While Fruge said his operation does deliver directly to some local stores in and around Acadiana, his primary way of getting Parish Rice onto grocery store shelves is through distributors. Increasing consumer demand for Parish Rice has helped to expand availability to grocery stores throughout the Gulf Coast. According to the Parish Rice Web site, the Louisiana-grown product can be found on store shelves from Houston to the Florida panhandle. But he admits, marketing, promoting and selling his unique brand has offered a new set of challenges that farming rice could not have prepared him for.
“The retail part of this business is very challenging,” Fruge said while standing next to pallets of packaged Parish Rice. “It’s still new to me. I’m still learning a lot.”
The process of milling Parish Rice is not different from any other variety on the market, but it does require a facility that can make sure there is no other variety that makes it into each bag of Parish Rice. Fruge said he has built a great relationship with Falcon Rice Mill in Crowley.
“Falcon does all my milling and packaging,” Fruge said. “They are really great people. They are easy to work with. With them being a smaller volume, domestic mill, it’s easier for them to keep it separate, because they are set up for that.”
Before entering into the new endeavor of growing and selling Parish Rice, Fruge was learning the ropes of the rice industry from his father. The younger Fruge earned a degree in agronomy from LSU and after graduating in 2004, began a 1-year career with Horizon Ag—a company whose footprint in agriculture relies heavily on rice seed sales. Fruge says he could not find the balance of farming rice and promoting his product without the help of family. He farms 1,400 acres of rice in rotation with crawfish—and some soybeans—alongside his father, Raymond.
“My dad really helps out a lot,” said the younger Fruge. “I am really able to get away from the farm because of him. He can take care of things and keep things going.”
Fruge says this year’s crop that is ready for harvesting looks good, but constant late summer rains have made getting this year’s crop out of the fields and into trucks an arduous task.
“We went 11 straight days of getting rain. We had a pretty good run on Friday and Saturday, and got a really big rain yesterday,” Fruge said on Monday, August 8.
Daily operations at the Fruge homestead are carefully orchestrated by Fruge’s wife, Sarah, who works as an optometrist. Mike and Sarah are parents to three children with another Fruge on the way. Fruge borrows a sentiment from a fellow farmer when describing how Sarah does her part to make the Fruge family farm flourish.
“He said something that really stuck with me,” Fruge said. “He said his wife is growing the most important crop—and that is his children. That is 100 percent true. I can’t help out a lot because of the hours we put in--especially in times like this. Sarah does a lot for our kids.”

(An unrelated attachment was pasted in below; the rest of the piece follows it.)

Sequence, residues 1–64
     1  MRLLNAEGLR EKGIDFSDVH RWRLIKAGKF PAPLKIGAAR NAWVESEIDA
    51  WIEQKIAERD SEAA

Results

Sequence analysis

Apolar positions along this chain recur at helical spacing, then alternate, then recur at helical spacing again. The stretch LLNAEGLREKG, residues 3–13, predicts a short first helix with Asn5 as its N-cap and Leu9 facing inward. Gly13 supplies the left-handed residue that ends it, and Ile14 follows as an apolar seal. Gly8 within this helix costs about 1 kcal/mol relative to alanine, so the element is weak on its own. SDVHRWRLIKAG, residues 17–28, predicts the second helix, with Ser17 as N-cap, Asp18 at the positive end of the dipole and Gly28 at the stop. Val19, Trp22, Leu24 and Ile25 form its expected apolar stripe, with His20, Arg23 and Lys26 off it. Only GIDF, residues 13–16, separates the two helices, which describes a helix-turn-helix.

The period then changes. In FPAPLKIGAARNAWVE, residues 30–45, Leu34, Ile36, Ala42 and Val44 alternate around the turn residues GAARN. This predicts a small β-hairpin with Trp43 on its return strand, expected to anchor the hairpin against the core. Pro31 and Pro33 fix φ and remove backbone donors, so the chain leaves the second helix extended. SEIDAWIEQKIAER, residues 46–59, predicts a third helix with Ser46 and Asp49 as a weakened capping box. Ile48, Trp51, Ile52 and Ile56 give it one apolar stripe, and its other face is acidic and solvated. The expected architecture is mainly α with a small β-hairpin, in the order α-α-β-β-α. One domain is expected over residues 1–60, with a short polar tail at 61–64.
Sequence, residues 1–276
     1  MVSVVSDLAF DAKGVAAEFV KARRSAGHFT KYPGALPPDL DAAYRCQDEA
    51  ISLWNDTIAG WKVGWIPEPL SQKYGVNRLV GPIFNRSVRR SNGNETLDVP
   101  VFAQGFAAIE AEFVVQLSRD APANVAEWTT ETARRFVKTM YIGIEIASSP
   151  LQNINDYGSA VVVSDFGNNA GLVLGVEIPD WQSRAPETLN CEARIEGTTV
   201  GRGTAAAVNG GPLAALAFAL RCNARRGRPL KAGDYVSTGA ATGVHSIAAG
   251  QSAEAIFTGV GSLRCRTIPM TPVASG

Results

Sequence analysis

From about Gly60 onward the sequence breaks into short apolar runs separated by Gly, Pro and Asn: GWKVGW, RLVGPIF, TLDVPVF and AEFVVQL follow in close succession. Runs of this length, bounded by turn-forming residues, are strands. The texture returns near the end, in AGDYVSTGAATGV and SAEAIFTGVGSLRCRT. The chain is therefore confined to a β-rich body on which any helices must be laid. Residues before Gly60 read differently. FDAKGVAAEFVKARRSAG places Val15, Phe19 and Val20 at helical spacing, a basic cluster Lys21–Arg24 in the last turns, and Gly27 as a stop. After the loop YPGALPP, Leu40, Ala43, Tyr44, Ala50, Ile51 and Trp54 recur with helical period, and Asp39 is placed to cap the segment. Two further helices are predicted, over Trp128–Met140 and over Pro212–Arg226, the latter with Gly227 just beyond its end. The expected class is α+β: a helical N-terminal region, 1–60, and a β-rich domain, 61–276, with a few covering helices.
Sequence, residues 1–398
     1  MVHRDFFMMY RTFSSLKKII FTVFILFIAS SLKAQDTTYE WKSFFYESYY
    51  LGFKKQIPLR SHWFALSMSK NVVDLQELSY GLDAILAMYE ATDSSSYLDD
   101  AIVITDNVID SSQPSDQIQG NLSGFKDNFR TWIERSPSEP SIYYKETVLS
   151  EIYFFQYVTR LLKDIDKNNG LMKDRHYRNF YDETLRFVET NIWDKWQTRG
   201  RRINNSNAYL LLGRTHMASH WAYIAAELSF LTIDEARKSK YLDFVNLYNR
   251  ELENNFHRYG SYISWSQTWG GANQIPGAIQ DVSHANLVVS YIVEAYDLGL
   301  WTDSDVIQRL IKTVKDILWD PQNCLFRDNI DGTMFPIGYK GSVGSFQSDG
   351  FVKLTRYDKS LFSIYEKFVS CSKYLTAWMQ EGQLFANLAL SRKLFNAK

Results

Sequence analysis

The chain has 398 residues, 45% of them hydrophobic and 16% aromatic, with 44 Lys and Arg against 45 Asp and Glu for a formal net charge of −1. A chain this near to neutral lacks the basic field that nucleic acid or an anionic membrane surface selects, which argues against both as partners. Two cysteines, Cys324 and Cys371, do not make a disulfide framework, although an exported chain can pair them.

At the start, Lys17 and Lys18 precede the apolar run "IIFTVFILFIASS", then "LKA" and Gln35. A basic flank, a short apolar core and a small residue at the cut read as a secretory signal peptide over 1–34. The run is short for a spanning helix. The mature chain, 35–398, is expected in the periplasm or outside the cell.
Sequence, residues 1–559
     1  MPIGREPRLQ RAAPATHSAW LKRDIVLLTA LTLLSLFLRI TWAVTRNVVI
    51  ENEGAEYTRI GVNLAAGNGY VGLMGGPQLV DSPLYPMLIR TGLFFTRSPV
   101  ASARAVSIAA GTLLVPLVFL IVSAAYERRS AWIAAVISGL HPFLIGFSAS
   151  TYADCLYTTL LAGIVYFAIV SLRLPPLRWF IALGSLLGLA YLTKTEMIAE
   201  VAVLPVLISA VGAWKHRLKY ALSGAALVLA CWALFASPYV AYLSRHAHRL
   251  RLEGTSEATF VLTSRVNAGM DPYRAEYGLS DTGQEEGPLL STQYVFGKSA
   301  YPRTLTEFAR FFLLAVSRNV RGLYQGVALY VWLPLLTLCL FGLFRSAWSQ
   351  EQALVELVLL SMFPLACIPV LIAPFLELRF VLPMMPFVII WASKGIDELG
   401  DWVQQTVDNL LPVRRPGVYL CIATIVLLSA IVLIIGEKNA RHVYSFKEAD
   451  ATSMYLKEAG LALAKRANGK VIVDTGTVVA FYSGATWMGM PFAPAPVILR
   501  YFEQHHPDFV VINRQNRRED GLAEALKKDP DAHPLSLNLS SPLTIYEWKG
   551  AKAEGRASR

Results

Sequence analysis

It’s obvious that Fruge proudly stands behind Parish Rice, but he is not only raising the alarm to his brand, but he is also a strong advocate for the Louisiana rice industry, as a whole. He related part of his sales tactic that he often uses at food trade shows.
“Obviously, I want them to buy Parish Rice, but if it’s not for them, that’s fine. I tell them, ‘Just make sure you know where it is coming from—particularly if it’s from Louisiana.’ We pride ourselves in having a better-quality rice in the Mid-South. I really push for people to buy Louisiana rice.”
Though rice may be the driving force behind the Fruges’ operation, crawfish has grown into a sustaining secondary part of the farm, as well. The father-son duo added crawfish to their agricultural arsenal two years ago. The spring 2022 crawfish season proved to be disappointing for crawfishermen as catches were lower than usual. This was no different for the Fruges.
“It was not a really great year,” Fruge said reflectively. “We caught crawfish, but our costs were up exponentially…labor, gas, bait, everything. We did not catch the volume we really needed to cover all that. It wasn’t a banner year by any means.”
If you have not already tried Parish Rice and would like to get your hands on some, the Parish Rice Web site offers a locator map with more than 100 store locations where you can stop in and grab some on your next grocery run. Two of the more notable retailers selling Parish Rice are Rouse’s Markets, whose management has built their 65-store grocery empire on Louisiana-sourced products, and H.E.B. of Texas. For those who do not live in Louisiana or near the Gulf Coast region, the Web site also offers online purchasing opportunities.
“I’ve always known that we had much higher rice consumption on the Gulf Coast, particularly in South Louisiana,” he said. “What surprised me the most was the interest (in rice) around the country. We have shipped rice, via our Web site sales, to all 50 states.”
What’s in store for the future of Parish Rice? The answer to that question harkens back to the LSU AgCenter Rice Research Station where Utomo and Wenefida are working to develop a successor to Frontière that boasts an even higher protein content. While Utomo and Wenefrida spent seven years developing the Frontière variety, Utomo said there are recently identified shortcuts that can be integrated into breeding techniques to speed the breeding process.
“A specific selection index with three key determinants is being used in low-GI selection schemes in parallel to high-protein screening,” Utomo said.